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Identifying your biggest cyber security vulnerabilities and how to fix them

Phil Ashley, Managing Director - Managed Services, breaks down some of the biggest and most common cyber security weaknesses and how you can fix those to mitigate the risks of an attack.

Regardless of the size of your organisation, there are always cyber security weaknesses and vulnerabilities that will need to be addressed. One of the key issues that we always tend to find is that security teams believe that they have secure systems and have implemented a lot of security controls. Often that is the case and they have, but sometimes they haven’t and we pick up on these vulnerabilities.

As a SOC team, we look at real world activities, actual data, actual traffic flows and pick up on things such as weak encryption mechanisms that the teams think have been disabled but are still being used and other forgotten items like that. Additionally, we find that patching is always a problem, so we monitor what is actually happening in the background and report back as a verification mechanism.

Vulnerabilities from poor cyber security processes

From a reactive standpoint, we see a lot of what you’d expect to see - old admin accounts lying around with lots of system access, build processes that maybe didn’t quite complete or work as expected and where a service may have been left turned on. Quite a big issue we encounter are in backup jobs where either misconfigurations or broken jobs are running and failing to properly access systems they are trying to protect. It’s actually quite hard to see that as part of a normal back up process - so maybe there’s old service accounts, legacy systems that aren’t quite doing what people expect them to, which happens a lot and leaves you vulnerable to breaches.

One of the major things we’ve seen is business email compromise, and while it’s not new, attackers can gain a lot of access to cloud platforms and perform brute force attacks. These all tend to originate from known networks, so with everyone working from home all using the big ISPs where they have dynamic IP address is causing some issues as ranges and attacks are coming from things that look very ordinary, as they’re just mechanisms to evade detection and to try and get through to a cloud account. 

Why and how your employees are being targeted

Additionally, MFA fatigue and MFA denial of service is still a big thing. We see successful attacks happening where, despite MFA being turned on, the attacker just annoys a user sufficiently that eventually the attacker is able to get through, or they’re allowed in. This tends to start from phishing, which attackers are getting better at. Again, it’s not necessarily super exciting but these things work and when they do work they can be very damaging.

Other than that, change management is always a challenge, so we spend time looking at where systems change and whether something has been left or not quite as documented. It could be that the security team thought they changed one thing but actually something different changed, so we then start helping to monitor some of the day to day challenges and operational processes - starters, leavers, onboarding - and can see whether they’ve still got a few user accounts that are still enabled that we weren’t quite expecting.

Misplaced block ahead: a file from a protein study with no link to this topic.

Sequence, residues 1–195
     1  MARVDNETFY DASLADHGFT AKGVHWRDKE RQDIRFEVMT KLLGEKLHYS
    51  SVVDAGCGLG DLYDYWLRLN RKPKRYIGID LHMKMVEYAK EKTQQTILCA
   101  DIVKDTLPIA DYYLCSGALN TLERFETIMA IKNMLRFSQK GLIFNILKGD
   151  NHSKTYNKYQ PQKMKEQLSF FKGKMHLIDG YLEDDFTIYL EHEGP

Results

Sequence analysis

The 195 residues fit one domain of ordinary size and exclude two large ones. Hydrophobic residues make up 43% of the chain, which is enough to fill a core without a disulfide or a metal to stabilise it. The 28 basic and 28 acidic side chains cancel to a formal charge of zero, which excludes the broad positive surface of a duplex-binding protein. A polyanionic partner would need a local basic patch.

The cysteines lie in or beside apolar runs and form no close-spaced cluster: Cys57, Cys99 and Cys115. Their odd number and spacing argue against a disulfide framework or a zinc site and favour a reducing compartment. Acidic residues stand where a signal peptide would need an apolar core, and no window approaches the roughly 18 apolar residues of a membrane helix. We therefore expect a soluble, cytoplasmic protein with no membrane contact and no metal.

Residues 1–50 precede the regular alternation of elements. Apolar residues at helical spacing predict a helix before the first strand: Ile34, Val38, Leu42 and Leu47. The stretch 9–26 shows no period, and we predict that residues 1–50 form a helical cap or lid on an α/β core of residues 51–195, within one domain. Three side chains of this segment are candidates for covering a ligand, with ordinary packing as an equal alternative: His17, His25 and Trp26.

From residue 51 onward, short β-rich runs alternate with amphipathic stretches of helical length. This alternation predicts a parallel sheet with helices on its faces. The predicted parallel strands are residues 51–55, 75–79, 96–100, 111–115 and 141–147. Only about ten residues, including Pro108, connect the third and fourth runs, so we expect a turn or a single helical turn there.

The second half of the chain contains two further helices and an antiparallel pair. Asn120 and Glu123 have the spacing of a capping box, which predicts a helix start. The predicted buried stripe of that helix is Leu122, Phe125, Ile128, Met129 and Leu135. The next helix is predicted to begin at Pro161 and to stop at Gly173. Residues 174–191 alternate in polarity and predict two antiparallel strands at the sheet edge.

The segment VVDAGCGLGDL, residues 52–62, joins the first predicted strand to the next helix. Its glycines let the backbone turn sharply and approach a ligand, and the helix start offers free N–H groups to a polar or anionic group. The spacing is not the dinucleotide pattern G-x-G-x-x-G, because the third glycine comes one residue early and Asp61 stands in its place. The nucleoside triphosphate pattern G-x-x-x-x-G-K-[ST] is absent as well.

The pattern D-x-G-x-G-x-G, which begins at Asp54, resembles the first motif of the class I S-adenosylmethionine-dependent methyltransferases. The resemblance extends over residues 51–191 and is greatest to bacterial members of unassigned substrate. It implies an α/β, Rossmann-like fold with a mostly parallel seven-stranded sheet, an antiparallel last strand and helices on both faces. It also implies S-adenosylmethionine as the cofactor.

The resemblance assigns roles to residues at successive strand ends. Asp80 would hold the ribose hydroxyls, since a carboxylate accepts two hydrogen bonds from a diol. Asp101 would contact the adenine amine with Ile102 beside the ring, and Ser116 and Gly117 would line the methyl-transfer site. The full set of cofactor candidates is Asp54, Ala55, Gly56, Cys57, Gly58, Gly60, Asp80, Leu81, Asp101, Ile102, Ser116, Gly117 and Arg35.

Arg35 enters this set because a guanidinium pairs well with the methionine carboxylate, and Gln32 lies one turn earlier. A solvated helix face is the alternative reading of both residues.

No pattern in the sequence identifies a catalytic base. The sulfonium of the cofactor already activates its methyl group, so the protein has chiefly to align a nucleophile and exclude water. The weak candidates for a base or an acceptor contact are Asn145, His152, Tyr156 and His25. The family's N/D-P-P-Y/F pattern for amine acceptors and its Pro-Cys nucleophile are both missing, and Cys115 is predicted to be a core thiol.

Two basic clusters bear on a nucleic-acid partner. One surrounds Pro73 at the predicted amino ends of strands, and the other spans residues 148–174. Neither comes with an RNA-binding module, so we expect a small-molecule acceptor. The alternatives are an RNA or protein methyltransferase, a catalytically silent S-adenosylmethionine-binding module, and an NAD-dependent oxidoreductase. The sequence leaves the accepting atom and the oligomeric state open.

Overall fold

Attackers are getting quicker

Finally, the major change that we’re seeing is the automation of attacks. Typically you would see an attack process as a bit of reconnaissance first, but now with so many vulnerabilities being released over the last 12-18 months, attacks can just go straight to exploit. Whether or not it’s been identified that a system is vulnerable it’s just getting exploited and attacked anyway. Even if the vulnerability is just a simple network reverse shell, with any major vulnerability that occurs, you’ve got very little time before it will probably be exploited by somebody sophisticated or otherwise, so attacks are now happening much faster than in the past.

And while none of this sounds groundbreaking, these are easy fixes a lot of the time and can really make a material difference to the general security of an organisation as they’re the exact kind of thing that an attacker would be trying to exploit.

How to discover and fix vulnerabilities

Therefore, the 5 ways in which you could help protect your company against an attack are:

  1. Shut down any old admin accounts linked to the company - improve offboarding processes company wide for your overall security posture

  2. Double, and even, triple check your backups and builds - anything that’s broken or misconfigured is a vulnerability ready to be exploited

  3. Provide security training to your employees so that they better understand the risks of poor cyber hygiene and clear guidance on what to do if something is not right.

  4. Improve your change management protocols. Update record keeping, improve handover processes.

  5. Go back and repeat steps 1-4

If you require assistance in performing all of these checks and would like ongoing security support, find out more about Nightingale Security Monitoring.


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